Saturday, February 7, 2009

RBS to give it's bankers a $1.5 billion dollar bonus

That's right, Royal Bank of Scotland, which needed a $30 billion rescue plan from Britain is now paying out big bonuses.

RBS said it was "contractually obligated" to pay these bonuses.

Isn't that special.

None of these banks have any qualms about tearing up their contracts when they provided funding to mergers, bridge loans, credit lines or private equity, but when it comes to their own people, they are "contractually obligated."

Once again, isn't that special.

Look what RBS had to say:

RBS, which has a new chairman and chief executive in place of their sacked predecessors, is sensitive to accusations that it is paying “rewards for failure”. Stephen Hester, the new boss, will give evidence to the Commons Treasury select committee on Wednesday, when he is likely to be questioned about the bonuses. His predecessor, Sir Fred Goodwin, will appear on Tuesday.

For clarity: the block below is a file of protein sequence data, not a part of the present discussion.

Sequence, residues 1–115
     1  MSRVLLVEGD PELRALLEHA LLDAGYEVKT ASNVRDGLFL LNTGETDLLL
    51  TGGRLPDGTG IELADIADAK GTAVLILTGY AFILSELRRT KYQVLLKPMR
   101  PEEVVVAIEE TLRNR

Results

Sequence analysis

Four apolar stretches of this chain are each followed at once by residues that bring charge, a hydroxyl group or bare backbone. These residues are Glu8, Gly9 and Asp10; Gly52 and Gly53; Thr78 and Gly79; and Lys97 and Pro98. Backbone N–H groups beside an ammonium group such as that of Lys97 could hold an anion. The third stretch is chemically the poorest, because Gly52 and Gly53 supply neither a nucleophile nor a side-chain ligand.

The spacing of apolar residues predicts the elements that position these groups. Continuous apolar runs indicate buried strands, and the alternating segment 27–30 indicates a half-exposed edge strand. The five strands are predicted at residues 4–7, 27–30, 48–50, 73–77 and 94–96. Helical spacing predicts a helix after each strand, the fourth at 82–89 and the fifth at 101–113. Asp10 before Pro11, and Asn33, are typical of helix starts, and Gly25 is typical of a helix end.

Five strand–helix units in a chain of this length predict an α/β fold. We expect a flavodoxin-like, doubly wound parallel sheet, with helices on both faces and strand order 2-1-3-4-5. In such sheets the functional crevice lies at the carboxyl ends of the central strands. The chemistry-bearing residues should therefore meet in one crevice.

Now these banks are pretending that they have taken the Alan Alda course on sensitivity training!

Here's what Alistair Darling, the Chancellor of the Exchequer had to say:

I know people feel angry about excessive bank bonuses. And directors have a duty to ensure that their banks behave responsibly. People who work hard should be rewarded for their effort. But it would be wrong to reward people whose excessive risk-taking brought the banks down, causing misery to millions of their customers. Success should be rewarded. Failure should not...

Banks everywhere took on too much risk, and worse, risk that they didn't properly understand.

So give them a bonus for not understanding their job!

And tell the public you understand their anger, but first, let's pay our bankers bonuses!

No comments: